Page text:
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State Laws Pursue Autonomous Vehicle Rules

by Anna Mischke | Jun 30, 2017

062817 Customer NewsAs autonomous vehicles begin to make their way to freight and trucking thanks to tech giants and carmakers, state legislatures are focusing more time and energy toward enacting rules on driverless cars and trucks on the road. These vehicles are meant to navigate their own way without the need of a driver to hold the steering wheel, in many states they have been authorized for testing.

Implemented by the National Highway Transportation Safety Administration, autonomous vehicles are grouped into six classes of automation ranging from zero automation to full automation on levels 0 to 5. Some say that autonomous vehicles could greatly reduce accidents due to human error and may decrease congestion by more effectively using roadways. With the ability to communicate with each other, self-driving cars could utilize technology to detect problems ahead and adjust speed.

However, many are skeptical of the safety and efficiency of automated vehicles and even refer to them as “teen drivers”, too new and inexperienced on the road to be considered safe. Understanding the approved levels of safety are hazy at best, with researchers wondering whether driverless vehicles would be required to drive without accident or flaw or simply break fewer laws than human drivers. Steven Shladover, a research engineer and manager of the Partners for Advances Transportation Technology, explains that “there is a need for fundamental research to support the development of dependable and affordable methods for assessing the safety of an automated driving system when it is confronted with the full range of traffic hazards.”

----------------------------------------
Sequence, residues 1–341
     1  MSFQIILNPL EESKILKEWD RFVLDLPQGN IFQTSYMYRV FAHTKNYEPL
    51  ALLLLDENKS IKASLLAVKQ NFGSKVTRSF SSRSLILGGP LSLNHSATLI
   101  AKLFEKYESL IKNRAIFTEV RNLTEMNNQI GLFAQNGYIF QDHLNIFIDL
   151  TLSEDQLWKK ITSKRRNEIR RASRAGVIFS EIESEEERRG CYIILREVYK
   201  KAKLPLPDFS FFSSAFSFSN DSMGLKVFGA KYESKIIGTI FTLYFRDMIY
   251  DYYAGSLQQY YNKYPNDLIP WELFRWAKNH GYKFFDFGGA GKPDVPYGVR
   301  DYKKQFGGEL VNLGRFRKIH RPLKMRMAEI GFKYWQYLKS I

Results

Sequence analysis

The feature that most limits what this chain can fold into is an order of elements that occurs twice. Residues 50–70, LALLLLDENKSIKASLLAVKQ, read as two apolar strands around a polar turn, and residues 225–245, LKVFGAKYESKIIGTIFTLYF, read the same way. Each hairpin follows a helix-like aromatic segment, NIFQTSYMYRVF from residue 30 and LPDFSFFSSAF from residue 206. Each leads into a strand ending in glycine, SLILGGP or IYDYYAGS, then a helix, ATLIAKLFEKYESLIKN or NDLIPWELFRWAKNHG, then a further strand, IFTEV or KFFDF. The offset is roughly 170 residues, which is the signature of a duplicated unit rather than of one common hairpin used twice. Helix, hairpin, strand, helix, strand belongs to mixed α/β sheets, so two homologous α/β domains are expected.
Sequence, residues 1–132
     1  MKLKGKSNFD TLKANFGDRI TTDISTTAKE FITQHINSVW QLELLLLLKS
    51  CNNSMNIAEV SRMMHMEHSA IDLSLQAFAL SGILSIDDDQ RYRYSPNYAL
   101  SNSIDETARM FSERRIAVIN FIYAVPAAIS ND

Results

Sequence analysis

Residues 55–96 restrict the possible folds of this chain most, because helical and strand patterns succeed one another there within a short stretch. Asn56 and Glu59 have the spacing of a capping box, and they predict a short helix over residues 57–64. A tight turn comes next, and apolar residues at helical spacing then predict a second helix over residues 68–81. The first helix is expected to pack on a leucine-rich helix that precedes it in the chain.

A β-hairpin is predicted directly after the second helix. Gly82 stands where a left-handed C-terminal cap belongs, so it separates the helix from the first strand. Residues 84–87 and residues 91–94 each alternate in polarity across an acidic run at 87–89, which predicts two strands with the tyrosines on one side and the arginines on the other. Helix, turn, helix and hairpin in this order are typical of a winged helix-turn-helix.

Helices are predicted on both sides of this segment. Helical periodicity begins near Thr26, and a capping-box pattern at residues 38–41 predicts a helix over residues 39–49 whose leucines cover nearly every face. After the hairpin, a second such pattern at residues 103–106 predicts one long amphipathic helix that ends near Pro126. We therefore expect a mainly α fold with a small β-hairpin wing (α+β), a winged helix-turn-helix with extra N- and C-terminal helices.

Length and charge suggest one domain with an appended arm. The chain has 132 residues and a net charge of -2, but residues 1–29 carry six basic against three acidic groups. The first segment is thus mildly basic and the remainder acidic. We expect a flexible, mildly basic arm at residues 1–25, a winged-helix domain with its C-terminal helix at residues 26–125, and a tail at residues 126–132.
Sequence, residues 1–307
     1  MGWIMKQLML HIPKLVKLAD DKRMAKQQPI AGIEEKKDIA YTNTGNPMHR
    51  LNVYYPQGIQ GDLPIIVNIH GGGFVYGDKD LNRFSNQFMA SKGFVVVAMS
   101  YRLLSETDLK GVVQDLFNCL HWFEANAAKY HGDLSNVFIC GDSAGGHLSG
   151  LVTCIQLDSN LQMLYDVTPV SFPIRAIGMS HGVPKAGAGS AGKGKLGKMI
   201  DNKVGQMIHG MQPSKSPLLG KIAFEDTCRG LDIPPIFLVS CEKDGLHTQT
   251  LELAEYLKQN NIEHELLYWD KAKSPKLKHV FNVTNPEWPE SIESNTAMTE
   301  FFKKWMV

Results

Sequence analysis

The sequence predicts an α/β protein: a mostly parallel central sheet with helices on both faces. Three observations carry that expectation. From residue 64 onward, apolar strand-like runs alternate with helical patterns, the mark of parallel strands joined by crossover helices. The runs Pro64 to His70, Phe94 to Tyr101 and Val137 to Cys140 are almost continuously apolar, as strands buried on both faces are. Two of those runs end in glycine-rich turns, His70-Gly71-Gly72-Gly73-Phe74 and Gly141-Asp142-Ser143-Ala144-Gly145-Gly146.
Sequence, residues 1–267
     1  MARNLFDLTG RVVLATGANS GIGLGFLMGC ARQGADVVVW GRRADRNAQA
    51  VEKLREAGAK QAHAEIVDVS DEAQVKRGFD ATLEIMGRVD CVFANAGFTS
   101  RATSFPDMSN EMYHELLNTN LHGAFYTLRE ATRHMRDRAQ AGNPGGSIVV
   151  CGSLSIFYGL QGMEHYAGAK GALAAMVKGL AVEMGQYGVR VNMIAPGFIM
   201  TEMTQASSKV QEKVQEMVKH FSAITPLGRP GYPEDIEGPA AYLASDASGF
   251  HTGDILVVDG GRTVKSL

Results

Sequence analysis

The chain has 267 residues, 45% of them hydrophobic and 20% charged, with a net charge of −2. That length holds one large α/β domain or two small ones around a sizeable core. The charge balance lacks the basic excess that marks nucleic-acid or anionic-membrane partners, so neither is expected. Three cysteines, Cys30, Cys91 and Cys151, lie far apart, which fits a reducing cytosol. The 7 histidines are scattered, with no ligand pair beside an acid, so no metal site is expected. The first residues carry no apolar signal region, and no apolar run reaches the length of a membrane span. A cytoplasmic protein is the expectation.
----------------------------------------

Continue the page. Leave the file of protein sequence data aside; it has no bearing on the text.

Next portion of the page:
Both the potential success of technology driven vehicles and the numerous risks they could pose, has many states implementing rules specifically addressing these new rigs through state law, regulation, or executive order. Some states such as Colorado will allow driverless vehicles if they meet federal and state driving safety regulations. Other states like New Jersey require a physical driver behind the wheel regardless. In Washington, Gov. Jay Inslee signed an executive order allowing driverless test drives on state roads to “support the safe testing and operation of autonomous vehicles on Washington’s public roads.” Some politicians in Massachusetts are backing a bill to set a mileage-based tax on the usage of these cars, and permit large municipalities to ban the vehicles entirely.

The number of states considering legislation covering autonomous vehicles jumped from six to twenty from 2012 to 2016 and more states appear poised to take action. 

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  1. Lonnie Giffen | Jul 05, 2017
    If these car's help with backup's then I'm all for it and speed management

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